I’ve just been listening to a podcast from DRadio Wissen: Hörsaal (German podcast streaming lectures). I particularly like the podcast of DRadio. This time the lecture was held by Fabian Hemmert, a German design researcher, who was talking about the smartphones’ future. Quite interesting thought in there, but what I actually wanted to jot down was his comparison between food and social media. He tried to find food equivalents in media:

The equivalent of Fat is Fiction!

Invented/fictional things – easy to consume, but not a good base. And too much of it and you’ll often have unnecessary ballast at the end of the day.

The equivalent of Sugar is Approbation!

Everyone likes to hear approvals and confirmation, it’s music to your ears. But too much of it is also unhealthy.

The equivalent of Protein is Truth!

Not too easy to digest, but an important thing to base on.

We are very short on Attention

He also notes that attention is the scarcest resource. Everyone wants us to pay attention and we want everyone to pay attention..

I kind of like the idea! Any other equivalences you can think of?

Tunneling TinyTinyRSS traffic through a Proxy

TT-RSS screenshot
Screenshot of TinyTinyRSS

TinyTinyRSS (TT-RSS) is something that the Google reader always wanted and Feedly still wants to be. Just better! :)

TT-RSS is a free and open source feed aggregator, which can be deployed to your own machine. For example, my instance is running on a cubieboard in my living room. Thus, I’m independent of any company and their plans with my data :)

However, I don’t want to advertise TT-RSS too much, but I want to tell you how to fetch your feeds through a proxy, such as polipo or squid.

Configuring TT-RSS to use a Proxy

It’s apparently undocumented, but looking into the code it turns out that feeds are fetched using cURL:

$ grep -rn PROXY *
include/functions2.php:2257:            if (defined('_CURL_HTTP_PROXY')) {
include/functions2.php:2258:                    curl_setopt($curl, CURLOPT_PROXY, _CURL_HTTP_PROXY);
include/functions.php:389:                      if (defined('_CURL_HTTP_PROXY')) {
include/functions.php:390:                              curl_setopt($ch, CURLOPT_PROXY, _CURL_HTTP_PROXY);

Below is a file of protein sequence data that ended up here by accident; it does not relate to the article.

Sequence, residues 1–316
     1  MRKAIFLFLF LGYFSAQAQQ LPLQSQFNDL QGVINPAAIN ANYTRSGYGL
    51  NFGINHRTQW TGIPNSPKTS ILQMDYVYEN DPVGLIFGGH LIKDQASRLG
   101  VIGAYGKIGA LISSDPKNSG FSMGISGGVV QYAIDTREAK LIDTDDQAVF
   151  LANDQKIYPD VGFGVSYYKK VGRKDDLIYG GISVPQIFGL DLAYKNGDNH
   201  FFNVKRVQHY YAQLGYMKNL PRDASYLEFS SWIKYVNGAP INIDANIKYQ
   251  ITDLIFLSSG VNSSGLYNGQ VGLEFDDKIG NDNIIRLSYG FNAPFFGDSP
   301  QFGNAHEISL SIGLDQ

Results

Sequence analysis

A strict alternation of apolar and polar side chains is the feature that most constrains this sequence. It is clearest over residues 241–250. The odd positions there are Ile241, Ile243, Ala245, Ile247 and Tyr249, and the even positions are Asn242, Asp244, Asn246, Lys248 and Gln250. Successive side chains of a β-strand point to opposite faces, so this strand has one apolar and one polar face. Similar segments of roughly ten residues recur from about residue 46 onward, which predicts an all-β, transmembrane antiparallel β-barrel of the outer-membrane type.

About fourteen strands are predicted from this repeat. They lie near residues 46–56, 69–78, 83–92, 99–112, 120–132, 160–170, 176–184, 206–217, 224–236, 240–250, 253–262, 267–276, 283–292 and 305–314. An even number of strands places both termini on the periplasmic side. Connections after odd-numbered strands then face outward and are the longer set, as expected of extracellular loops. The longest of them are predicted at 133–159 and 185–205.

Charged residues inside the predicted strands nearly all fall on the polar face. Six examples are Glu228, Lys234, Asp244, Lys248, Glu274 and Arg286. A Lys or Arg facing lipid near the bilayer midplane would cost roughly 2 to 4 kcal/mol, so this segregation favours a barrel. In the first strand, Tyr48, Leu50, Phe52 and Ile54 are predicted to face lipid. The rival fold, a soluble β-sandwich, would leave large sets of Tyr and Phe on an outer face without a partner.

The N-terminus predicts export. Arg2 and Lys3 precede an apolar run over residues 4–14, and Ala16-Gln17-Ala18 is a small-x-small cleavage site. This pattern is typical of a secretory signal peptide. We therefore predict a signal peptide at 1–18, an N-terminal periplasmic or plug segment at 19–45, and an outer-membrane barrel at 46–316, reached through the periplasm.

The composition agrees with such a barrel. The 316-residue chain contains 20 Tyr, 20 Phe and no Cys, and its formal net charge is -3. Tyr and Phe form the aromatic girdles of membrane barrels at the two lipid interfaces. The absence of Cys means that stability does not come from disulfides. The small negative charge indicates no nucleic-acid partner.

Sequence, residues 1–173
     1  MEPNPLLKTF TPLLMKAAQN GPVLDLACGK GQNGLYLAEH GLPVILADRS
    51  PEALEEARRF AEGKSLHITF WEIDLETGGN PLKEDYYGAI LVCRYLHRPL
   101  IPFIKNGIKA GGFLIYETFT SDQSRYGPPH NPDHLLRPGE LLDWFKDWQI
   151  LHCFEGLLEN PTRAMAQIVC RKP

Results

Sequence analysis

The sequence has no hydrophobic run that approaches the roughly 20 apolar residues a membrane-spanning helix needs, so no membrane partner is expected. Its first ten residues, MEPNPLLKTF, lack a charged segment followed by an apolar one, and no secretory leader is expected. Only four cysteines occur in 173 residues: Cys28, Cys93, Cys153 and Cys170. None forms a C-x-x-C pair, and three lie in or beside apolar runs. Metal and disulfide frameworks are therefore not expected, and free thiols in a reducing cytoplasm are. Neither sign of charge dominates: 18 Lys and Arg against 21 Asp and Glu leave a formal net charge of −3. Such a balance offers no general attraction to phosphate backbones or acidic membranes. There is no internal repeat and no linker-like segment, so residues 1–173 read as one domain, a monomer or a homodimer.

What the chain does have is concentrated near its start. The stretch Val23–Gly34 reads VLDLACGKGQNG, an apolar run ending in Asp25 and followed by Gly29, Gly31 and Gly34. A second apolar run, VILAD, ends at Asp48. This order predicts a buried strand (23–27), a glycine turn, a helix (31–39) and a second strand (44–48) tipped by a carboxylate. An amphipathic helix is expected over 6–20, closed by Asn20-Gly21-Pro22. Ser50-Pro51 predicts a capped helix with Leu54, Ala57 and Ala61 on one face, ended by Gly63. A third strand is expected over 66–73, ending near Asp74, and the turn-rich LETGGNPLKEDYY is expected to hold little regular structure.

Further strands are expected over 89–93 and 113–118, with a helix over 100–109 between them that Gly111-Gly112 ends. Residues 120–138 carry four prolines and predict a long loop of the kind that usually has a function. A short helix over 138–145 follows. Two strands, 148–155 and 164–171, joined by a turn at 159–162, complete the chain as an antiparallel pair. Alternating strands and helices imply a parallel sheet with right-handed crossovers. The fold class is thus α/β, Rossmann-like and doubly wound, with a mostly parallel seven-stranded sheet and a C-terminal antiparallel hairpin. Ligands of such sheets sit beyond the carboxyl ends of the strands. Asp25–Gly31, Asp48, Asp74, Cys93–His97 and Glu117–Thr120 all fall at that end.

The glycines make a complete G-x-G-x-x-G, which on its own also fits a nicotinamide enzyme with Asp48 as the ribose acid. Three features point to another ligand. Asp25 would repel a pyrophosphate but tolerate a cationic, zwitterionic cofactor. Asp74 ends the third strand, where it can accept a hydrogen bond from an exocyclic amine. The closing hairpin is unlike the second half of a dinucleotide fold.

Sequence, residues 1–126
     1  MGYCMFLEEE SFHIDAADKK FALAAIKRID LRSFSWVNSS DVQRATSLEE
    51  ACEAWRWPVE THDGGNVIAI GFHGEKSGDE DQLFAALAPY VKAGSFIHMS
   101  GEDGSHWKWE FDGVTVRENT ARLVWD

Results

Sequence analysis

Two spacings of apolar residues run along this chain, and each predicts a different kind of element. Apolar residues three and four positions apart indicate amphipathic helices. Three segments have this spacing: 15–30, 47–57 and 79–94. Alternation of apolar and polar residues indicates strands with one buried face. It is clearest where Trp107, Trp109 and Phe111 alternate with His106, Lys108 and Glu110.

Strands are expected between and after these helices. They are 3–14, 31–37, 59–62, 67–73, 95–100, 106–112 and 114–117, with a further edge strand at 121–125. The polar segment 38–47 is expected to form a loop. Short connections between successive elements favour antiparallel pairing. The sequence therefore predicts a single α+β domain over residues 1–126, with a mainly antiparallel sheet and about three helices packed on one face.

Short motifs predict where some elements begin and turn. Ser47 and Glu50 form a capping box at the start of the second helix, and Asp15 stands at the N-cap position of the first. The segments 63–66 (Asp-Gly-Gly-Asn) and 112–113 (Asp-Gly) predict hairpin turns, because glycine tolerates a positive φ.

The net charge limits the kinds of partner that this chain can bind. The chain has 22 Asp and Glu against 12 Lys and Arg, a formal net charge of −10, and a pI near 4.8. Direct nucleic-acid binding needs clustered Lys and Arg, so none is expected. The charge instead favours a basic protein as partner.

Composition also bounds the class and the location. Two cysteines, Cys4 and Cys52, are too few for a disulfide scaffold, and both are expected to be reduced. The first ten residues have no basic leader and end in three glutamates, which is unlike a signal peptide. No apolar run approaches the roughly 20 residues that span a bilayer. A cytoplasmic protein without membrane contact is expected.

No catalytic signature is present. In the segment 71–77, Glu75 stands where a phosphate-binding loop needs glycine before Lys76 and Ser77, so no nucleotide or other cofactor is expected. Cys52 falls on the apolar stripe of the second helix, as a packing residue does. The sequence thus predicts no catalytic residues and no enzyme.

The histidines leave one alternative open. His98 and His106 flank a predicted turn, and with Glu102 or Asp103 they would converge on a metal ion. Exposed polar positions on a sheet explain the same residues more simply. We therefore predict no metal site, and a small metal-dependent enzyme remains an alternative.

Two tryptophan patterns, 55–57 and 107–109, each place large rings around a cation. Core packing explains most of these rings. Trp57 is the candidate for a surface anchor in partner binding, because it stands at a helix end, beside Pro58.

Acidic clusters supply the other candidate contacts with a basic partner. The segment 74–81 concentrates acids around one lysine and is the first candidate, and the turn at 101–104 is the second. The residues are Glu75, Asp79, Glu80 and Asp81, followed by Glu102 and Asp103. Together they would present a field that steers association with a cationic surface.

plugins/af_unburn/init.php:41:                          if (defined('_CURL_HTTP_PROXY')) {
plugins/af_unburn/init.php:42:                                  curl_setopt($ch, CURLOPT_PROXY, _CURL_HTTP_PROXY);

And as you can see, the code already supports the usage of a proxy: if (defined('_CURL_HTTP_PROXY')).

I think that might be very interesting to many of you guys and I’ve no idea why it is not documented. However, you can simply define the variable _CURL_HTTP_PROXY in your config.php file. For example, to use a proxy at host 127.0.0.1 listening at port 8123 add the following:

define ('_CURL_HTTP_PROXY', '127.0.0.1:8123');

Now, the TT-RSS traffic will go through the proxy at :8123, which might tunnel everything through, e.g., TOR. Thus, the location of your living room will not be disclosed :)

BONUS: Cache all the Images in Feeds

By default, TT-RSS will not cache the images in feeds. That means, if there is an image in an article, you will be redirected to load the image from a foreign server. That’s obviously something I’d like to avoid, especially because there are plenty of ads or tracking pixels which shouldn’t know about my habits and surf times. But there is an alternative: TT-RSS is able to cache images. It will download the images to your server and deliver the cached versions instead of forwarding you to somewhere else.

Unfortunately, that is not the default. If you want that functionality you need to configure every single feed (Edit FeedOptionsCache images locally). And you must not forget to repeat that procedure for every new feed that will be added in 15+ months…

To avoid that you can simply open the database that TT-RSS uses (e.g. using phpMyAdmin), go to the table ttrss_feeds and modify the default value of the column cache_images from 0 to 1. If that is done, the images of every newly added feed will be cached by default.

If you’re too lazy to manually update the feeds that are already there you can simply run the following SQL query:

UPDATE `ttrss_feeds` SET `cache_images`=1 WHERE 1

Air Pollution makes Babies skinnier

Rich et. al. 2015
Differences in Birth Weight Associated with the 2008 Beijing Olympic Air Pollution Reduction: Results from a Natural Experiment

China radically reduced the air pollution in preparation of the Olympics in 2008 in Beijing. The authors of the publication Differences in Birth Weight Associated with the 2008 Beijing Olympic Air Pollution Reduction: Results from a Natural Experiment [Rich2015a] studied its affect on the weights of newborns. They evaluated how specific months of pregnancy with less air pollution correlate to the birth weights, compared to pregnancies during the same dates in 2007 or 2009. The records were created and maintained by the Beijing Obstetrics and Gynecology Hospital and for the study they just included singleton live births of infants who were 28 completed weeks of gestation or greater in one of four adjacent Beijing districts at the time of birth, which is a sample size of 140,298.